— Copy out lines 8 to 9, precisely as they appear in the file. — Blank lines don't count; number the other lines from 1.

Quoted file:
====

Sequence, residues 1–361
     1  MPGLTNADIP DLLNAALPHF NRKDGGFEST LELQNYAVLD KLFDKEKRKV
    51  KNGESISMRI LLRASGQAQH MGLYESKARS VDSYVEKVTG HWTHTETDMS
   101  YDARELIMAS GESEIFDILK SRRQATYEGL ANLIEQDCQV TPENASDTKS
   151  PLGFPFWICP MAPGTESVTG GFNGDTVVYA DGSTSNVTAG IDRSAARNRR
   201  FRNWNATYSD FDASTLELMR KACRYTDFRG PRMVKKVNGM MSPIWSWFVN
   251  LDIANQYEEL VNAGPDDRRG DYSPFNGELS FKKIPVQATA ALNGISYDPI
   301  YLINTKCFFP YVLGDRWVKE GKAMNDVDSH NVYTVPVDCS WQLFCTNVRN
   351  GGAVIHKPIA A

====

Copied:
   301  YLINTKCFFP YVLGDRWVKE GKAMNDVDSH NVYTVPVDCS WQLFCTNVRN
   351  GGAVIHKPIA A